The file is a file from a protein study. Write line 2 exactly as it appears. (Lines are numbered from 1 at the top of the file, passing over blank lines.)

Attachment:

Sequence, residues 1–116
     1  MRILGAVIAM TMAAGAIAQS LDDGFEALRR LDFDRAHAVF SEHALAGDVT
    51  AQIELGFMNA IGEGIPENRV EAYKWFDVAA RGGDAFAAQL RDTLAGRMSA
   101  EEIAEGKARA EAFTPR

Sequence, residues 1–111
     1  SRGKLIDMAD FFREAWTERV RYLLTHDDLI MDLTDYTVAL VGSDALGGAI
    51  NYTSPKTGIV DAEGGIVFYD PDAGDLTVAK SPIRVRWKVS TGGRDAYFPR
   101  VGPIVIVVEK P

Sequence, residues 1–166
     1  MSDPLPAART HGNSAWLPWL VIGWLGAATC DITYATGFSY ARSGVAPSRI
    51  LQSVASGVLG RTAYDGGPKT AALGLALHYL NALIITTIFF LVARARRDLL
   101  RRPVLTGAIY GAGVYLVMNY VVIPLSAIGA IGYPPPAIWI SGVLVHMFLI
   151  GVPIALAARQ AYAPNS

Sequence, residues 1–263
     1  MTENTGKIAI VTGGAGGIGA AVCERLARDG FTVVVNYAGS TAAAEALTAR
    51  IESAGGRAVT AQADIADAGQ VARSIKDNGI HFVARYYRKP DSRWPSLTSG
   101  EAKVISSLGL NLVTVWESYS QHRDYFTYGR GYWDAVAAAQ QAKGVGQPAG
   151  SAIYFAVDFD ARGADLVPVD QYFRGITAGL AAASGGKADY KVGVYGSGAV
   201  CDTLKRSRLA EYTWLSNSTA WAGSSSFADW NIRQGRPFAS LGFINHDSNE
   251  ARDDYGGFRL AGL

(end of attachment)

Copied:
     1  MRILGAVIAM TMAAGAIAQS LDDGFEALRR LDFDRAHAVF SEHALAGDVT